Linked by Thom Holwerda on Sun 11th Jan 2009 10:54 UTC, submitted by Hiev
Mono Project Arstechnica reports that Mono, an open source implementation of .NET runtime, is bringing Microsoft's development technologies to some unexpected places, including the iPhone, Android, and the Wii.
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adkilla
Member since:
2005-07-07

If you are really a pro like you fictitiously claim to be then you would provide some links that back your claim. You have yet to explain why you brought up the GAC which has little to nothing to do with the registry.

FYI the configuration files accessible by System.Configuration have the following drawbacks:
"You use one of the Save methods to write configuration information. Note that the user or process that writes must have the following permissions:

* Write permission on the configuration file and directory at the current configuration hierarchy level.
*Read permissions on all the configuration files."

You can refer to this in this MSDN link:
http://msdn.microsoft.com/en-us/library/system.configuration.config...

We've had this experience before when attempting to modify the configuration file. But because the user had no permission to write to "Program Files" directory this was not recommended. You cannot assume the user will always be administrator when using your app!

Instead an MVP advised us to use the registry as MS has recommended here:
"This class provides the set of standard root keys found in the registry on machines running Windows. The registry is a storage facility for information about applications, users, and default system settings. For example, applications can use the registry for storing information that needs to be preserved after the application is closed, and access that same information when the application is reloaded. For instance, you can store color preferences, screen locations, or the size of the window. You can control this data for each user by storing the information in a different location in the registry."
Here is the link for that info in the MSDN .Net reference:
http://msdn.microsoft.com/en-us/library/microsoft.win32.registry.as...

If you do not have any legitimate links to back up your so called facts, then you sir are a charlatan.

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Reply Parent Score: -1

Yuske Member since:
2005-07-28

We've had this experience before when attempting to modify the configuration file. But because the user had no permission to write to "Program Files" directory this was not recommended. You cannot assume the user will always be administrator when using your app!

If a user doens't have priviledge to write to the program files directory then you use a manifest, the manifest will allow to the user to read tge app.config file, you need to do more investigation, or you are a very bad programmer.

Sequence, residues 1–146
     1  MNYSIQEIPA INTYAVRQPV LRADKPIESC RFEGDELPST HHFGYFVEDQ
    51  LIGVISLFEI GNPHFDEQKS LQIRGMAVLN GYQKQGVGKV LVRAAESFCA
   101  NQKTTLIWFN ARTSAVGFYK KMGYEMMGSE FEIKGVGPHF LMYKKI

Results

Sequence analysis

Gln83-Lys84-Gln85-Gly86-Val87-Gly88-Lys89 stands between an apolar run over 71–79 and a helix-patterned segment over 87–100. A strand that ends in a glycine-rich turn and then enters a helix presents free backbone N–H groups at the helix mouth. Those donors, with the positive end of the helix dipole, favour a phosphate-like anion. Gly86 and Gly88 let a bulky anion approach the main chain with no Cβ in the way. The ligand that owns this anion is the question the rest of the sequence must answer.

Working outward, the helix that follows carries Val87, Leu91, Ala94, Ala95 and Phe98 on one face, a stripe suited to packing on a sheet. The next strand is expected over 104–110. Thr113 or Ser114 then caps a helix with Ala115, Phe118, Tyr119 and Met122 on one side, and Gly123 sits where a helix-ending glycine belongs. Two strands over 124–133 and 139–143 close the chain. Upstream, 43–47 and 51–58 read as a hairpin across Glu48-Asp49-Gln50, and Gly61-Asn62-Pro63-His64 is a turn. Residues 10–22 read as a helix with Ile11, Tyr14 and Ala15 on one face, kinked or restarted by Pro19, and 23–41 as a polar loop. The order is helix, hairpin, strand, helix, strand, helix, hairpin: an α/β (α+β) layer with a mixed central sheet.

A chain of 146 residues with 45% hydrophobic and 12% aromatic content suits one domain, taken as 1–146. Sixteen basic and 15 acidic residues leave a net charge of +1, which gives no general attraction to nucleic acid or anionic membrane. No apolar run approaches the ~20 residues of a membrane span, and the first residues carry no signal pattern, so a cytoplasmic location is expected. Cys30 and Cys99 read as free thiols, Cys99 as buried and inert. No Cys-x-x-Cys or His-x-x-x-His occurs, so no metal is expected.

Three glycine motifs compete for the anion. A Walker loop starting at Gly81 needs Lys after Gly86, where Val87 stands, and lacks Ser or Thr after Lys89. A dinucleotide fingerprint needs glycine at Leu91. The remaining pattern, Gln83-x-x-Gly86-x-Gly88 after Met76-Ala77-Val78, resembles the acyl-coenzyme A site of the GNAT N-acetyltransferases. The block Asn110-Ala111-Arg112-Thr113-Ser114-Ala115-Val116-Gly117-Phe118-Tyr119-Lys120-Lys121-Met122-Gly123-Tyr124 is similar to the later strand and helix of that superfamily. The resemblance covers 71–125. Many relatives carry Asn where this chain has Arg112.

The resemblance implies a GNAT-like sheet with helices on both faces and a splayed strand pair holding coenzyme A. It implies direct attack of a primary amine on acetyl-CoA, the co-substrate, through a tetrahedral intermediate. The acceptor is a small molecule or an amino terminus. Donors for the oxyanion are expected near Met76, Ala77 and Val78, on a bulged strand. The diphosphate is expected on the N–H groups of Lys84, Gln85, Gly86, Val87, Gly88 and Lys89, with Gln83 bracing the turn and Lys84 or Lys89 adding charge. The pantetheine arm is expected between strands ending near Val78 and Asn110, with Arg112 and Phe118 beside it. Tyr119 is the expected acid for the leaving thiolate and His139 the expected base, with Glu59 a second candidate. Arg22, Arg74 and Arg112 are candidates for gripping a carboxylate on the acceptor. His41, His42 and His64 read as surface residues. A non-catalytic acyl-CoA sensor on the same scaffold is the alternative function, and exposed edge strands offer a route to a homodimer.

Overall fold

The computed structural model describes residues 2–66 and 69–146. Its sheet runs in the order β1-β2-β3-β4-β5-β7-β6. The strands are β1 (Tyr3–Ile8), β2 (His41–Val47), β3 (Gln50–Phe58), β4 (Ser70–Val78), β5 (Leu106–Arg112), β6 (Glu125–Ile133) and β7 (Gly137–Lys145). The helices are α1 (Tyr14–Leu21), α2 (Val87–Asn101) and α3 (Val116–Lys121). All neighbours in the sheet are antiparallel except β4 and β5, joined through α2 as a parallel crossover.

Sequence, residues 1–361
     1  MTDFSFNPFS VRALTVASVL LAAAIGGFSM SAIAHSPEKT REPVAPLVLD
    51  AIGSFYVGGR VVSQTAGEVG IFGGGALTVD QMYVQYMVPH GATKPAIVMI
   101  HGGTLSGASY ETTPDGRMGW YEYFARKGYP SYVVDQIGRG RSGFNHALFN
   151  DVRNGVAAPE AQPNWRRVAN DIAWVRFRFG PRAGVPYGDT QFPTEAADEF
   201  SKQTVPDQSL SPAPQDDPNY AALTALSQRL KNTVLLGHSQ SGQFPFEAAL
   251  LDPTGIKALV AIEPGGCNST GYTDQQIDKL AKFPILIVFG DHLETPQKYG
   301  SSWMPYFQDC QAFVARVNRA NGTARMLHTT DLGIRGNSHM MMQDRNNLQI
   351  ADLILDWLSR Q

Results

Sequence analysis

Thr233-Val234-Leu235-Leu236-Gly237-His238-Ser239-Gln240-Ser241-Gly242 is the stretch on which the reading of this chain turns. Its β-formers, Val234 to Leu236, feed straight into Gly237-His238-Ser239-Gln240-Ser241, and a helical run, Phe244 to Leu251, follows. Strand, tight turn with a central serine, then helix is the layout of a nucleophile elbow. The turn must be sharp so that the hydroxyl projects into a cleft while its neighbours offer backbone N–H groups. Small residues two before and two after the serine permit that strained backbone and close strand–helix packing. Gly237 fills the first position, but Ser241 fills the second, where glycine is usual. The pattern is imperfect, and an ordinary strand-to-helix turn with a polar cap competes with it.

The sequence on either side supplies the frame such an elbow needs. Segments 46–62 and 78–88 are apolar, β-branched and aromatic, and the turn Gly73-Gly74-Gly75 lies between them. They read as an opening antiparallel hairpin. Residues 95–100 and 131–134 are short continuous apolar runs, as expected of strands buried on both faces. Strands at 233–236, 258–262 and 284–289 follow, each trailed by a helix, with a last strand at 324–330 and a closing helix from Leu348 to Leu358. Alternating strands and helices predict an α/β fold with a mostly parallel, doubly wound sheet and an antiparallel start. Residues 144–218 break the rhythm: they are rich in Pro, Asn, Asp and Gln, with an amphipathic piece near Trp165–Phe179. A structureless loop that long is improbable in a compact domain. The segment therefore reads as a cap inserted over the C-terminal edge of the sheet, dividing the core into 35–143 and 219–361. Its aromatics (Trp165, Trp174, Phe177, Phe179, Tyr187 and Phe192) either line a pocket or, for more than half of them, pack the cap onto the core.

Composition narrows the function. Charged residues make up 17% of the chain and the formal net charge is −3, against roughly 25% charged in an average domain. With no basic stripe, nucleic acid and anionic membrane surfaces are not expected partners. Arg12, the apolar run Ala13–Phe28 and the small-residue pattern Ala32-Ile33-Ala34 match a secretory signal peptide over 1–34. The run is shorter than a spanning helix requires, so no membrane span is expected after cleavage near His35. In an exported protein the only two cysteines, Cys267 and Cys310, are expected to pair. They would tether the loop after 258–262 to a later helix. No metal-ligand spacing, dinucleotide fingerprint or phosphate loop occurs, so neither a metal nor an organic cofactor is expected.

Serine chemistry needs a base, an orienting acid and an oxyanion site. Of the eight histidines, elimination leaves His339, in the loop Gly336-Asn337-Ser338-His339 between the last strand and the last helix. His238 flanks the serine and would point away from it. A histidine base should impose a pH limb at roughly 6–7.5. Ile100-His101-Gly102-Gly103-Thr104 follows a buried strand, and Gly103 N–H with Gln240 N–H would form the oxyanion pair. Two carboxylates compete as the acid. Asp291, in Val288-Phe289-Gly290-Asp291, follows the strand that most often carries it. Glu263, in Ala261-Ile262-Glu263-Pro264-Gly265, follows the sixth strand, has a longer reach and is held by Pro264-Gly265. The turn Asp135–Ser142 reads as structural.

"Charlatan" is a spanish word tha mean
something like scammer, I can write some words in spanish too, "Usted seƱor es un troll ignorante".

Reply Parent Score: 2

adkilla Member since:
2005-07-07

Sheesh, I guess you have a lot to learn besides .Net. The word charlatan I've used is an English word:
http://www.merriam-webster.com/dictionary/Charlatan

You are welcome to rebuke my post with actual references to MS documentation to support your claims.

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Reply Parent Score: 2

Toad Member since:
2005-11-27

I see you couldn't find anything wrong in what I wrote...

If you are really a pro like you fictitiously claim to be then you would provide some links that back your claim. You have yet to explain why you brought up the GAC which has little to nothing to do with the registry.

If you had any knowledge, you should know that COM that preceded .net used registry to enable COM components (.exe,.dll). It stored information about version, interfaces clasid progid and much more in the registry, metadata that in .net is stored either in .net assembly or GAC, to register .dll in GAC is optional in .net, but is used to share componets, and manage version.
I just showed you that with .net microsoft HAS REMOVED the dependency from the registry. This is basic knowledge.


FYI the configuration files accessible by System.Configuration have the following drawbacks:
[i]"You use one of the Save methods to write configuration information. Note that the user or process that writes must have the following permissions: ....

Of course files must have right permission, this is basic both in Windows as in Linux...

Instead an MVP advised us to use the registry as MS has recommended here...

I would suggest that you shoose better advisors in the future. Registry is the OLD way of storing application data.

If you do not have any legitimate links to back up your so called facts, then you sir are a charlatan.

I see that I hit a nerve somewhere...
I won't spend any of mine time for you, I dislike fanboys that let their libido gets in their way. You are welcome to post any inaccuracy on what I have written.
[/q]

Reply Parent Score: 2

adkilla Member since:
2005-07-07

You are welcome to back up your claims with actual references to MS documentation. Until then what you post here is either inaccurate or fraudulent.

Oh, just because I expose you for the charlatan you are I am a fanboy? Try supporting your claims buddy, your blind MS fanboism doesn't bode well you.

Reply Parent Score: 0

issvb Member since:
2009-01-12

We've had this experience before when attempting to modify the configuration file. But because the user had no permission to write to "Program Files" directory this was not recommended. You cannot assume the user will always be administrator when using your app!

If a non-administrator user should be able to edit the configuration file, maybe you shouldn't store this file in the Program Files directory? Maybe you could use the AppData directory for this ;)

Reply Parent Score: 1